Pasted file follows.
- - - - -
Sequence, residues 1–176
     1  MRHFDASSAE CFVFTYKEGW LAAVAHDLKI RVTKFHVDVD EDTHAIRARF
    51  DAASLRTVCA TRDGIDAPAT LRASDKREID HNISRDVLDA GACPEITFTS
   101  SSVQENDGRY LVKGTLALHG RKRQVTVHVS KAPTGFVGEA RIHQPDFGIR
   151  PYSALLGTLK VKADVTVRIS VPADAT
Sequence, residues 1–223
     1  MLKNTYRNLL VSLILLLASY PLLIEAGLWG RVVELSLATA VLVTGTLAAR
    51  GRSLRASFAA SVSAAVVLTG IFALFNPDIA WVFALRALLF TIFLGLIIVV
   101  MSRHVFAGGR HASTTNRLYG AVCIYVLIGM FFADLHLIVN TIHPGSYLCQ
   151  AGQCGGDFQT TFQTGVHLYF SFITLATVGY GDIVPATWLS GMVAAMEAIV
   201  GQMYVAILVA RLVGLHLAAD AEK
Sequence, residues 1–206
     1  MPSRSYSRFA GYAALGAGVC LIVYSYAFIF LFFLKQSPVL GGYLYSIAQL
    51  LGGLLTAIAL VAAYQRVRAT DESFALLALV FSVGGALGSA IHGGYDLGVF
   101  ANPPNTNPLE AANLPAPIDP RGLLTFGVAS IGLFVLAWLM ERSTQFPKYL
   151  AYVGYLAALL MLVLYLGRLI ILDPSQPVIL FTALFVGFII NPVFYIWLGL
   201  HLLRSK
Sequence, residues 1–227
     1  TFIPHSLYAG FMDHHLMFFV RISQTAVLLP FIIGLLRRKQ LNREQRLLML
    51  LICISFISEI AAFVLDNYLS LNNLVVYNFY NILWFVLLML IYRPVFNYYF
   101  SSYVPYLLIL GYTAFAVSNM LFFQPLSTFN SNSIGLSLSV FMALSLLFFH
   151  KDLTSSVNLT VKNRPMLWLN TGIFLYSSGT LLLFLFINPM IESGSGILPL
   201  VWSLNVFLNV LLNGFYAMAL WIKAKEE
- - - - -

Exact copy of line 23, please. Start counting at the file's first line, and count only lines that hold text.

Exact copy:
   201  VWSLNVFLNV LLNGFYAMAL WIKAKEE